- First Wave is the society after agrarian revolution and replaced the first hunter-gatherer cultures.
- Second Wave is the society during the Industrial Revolution (ca. late 17th century through the mid-20th century). The main components of the Second Wave society are nuclear family, factory-type education system and the corporation. Toffler writes: “The Second Wave Society is industrial and based on mass production, mass distribution, mass consumption, mass education, mass media, mass recreation, mass entertainment, and weapons of mass destruction. You combine those things with standardization, centralization, concentration, and synchronization, and you wind up with a style of organization we call bureaucracy.”
- Third Wave is the post-industrial society. Toffler would also add that since the late 1950s most countries are moving away from a Second Wave Society into what he would call a Third Wave Society. He coined lots of words to describe it and mentions names invented by him (super-industrial society) and other people (like the Information Age, Space Age, Electronic Era, Global Village, technetronic age, scientific-technological revolution), which to various degrees predicted demassification, diversity, knowledge-based production, and the acceleration of change (one of Toffler’s key maxims is “change is non-linear and can go backwards, forwards and sideways”).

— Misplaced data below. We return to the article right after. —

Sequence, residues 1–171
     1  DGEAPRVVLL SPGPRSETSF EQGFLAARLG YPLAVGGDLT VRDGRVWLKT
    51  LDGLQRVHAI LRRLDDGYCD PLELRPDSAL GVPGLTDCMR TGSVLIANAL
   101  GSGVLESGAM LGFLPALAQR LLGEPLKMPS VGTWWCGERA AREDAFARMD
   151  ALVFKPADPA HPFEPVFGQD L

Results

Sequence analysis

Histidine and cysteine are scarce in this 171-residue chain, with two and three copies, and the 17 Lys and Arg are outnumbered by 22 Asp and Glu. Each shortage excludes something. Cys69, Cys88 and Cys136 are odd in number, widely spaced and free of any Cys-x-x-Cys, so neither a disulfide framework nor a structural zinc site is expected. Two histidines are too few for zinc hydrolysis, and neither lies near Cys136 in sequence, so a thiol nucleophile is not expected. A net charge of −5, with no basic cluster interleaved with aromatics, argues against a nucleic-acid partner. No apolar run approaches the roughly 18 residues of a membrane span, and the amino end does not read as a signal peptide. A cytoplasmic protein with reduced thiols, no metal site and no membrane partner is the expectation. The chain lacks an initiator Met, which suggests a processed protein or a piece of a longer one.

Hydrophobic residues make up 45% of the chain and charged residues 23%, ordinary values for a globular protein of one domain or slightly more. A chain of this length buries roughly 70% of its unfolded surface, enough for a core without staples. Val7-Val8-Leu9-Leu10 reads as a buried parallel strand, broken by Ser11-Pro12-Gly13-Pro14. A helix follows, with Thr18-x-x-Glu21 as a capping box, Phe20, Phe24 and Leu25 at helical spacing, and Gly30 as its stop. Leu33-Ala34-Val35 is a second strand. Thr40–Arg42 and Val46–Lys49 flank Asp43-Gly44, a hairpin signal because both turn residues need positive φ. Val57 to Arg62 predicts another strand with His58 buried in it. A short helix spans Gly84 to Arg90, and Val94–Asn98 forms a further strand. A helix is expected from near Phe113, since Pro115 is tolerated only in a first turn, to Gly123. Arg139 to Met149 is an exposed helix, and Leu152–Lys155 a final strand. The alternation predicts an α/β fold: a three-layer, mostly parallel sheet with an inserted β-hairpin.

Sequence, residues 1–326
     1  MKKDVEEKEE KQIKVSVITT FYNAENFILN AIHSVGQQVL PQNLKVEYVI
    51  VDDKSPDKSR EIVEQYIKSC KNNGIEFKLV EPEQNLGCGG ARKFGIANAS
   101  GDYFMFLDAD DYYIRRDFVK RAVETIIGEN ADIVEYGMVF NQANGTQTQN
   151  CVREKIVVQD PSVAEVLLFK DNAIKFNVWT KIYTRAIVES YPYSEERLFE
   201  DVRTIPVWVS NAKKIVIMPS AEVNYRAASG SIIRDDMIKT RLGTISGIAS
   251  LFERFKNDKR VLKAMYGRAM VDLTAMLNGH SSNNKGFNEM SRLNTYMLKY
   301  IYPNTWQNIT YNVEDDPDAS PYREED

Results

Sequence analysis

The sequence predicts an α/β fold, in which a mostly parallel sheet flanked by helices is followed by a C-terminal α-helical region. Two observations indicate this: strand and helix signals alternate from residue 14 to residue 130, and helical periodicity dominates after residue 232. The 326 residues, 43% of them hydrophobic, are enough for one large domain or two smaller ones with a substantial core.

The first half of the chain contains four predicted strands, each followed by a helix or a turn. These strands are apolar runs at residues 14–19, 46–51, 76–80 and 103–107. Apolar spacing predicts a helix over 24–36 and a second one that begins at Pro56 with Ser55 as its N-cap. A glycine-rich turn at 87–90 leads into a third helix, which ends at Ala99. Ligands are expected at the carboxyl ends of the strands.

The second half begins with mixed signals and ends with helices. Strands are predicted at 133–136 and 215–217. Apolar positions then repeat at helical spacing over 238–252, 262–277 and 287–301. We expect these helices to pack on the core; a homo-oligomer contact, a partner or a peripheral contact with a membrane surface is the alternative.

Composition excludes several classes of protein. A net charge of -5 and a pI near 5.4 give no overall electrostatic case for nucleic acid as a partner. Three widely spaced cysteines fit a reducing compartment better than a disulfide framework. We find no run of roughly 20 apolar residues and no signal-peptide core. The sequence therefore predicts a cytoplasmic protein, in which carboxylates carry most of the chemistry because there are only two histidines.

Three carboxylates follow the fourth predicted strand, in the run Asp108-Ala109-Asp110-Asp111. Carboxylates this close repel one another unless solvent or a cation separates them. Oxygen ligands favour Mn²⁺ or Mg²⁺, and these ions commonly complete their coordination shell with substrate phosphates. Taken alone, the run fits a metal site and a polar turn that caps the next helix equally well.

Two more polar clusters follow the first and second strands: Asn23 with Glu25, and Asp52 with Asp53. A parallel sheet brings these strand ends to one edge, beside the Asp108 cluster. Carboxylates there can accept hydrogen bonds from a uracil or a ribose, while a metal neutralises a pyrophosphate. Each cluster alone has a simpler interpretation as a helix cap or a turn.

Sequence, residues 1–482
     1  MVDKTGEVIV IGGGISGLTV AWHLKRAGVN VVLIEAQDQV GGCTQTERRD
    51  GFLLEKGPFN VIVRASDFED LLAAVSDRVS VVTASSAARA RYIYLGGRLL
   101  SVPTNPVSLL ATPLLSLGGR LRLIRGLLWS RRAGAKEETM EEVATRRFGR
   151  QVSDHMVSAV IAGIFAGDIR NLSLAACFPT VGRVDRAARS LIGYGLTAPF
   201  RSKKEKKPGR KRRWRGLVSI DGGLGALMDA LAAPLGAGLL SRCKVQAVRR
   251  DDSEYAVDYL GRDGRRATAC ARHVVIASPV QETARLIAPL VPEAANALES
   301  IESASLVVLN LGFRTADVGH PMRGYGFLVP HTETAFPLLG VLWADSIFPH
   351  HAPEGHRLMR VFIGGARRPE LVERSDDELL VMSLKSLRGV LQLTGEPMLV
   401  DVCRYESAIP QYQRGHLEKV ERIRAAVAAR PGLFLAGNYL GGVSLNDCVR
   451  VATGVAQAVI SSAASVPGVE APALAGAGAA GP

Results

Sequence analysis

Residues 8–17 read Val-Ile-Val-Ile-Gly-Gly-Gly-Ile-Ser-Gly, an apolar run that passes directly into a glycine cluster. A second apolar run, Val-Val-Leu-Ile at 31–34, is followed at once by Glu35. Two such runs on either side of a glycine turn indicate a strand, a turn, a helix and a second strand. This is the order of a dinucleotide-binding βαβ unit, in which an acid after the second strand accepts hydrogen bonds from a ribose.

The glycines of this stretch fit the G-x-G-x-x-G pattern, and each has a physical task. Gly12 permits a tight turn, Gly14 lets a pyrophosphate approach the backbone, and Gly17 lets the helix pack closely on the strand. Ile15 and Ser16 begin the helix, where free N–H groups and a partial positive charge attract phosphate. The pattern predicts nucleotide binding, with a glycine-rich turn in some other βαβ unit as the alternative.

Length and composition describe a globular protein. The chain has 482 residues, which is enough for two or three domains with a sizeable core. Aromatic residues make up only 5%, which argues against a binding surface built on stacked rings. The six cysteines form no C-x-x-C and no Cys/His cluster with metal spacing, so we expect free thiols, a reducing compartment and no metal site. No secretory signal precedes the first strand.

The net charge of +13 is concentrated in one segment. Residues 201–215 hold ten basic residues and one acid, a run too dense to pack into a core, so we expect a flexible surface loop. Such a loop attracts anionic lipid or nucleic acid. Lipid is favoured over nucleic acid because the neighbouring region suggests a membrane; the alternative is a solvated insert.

In this post-industrial society, there is a lot of diversity in lifestyles (“subcultures“). Adhocracies (fluid organizations) adapt quickly to changes. Information can substitute most of the material resources (see ersatz) and becomes the main material for workers (cognitarians instead of proletarians), who are loosely affiliated. Mass customization offers the possibility of cheap, personalized, production catering to small niches (see just-in-time production).
The gap between producer and consumer is bridged by technology using a so called configuration system. “Prosumers” can fill their own needs (see open source, assembly kit, freelance work). This was the notion that new technologies are enabling the radical fusion of the producer and consumer into the prosumer. In some cases prosuming entails a “third job” where the corporation “outsources” its labor not to other countries, but to the unpaid consumer, such as when we do our own banking through an ATM instead of a teller that the bank must employ, or trace our own postal packages on the internet instead of relying on a paid clerk.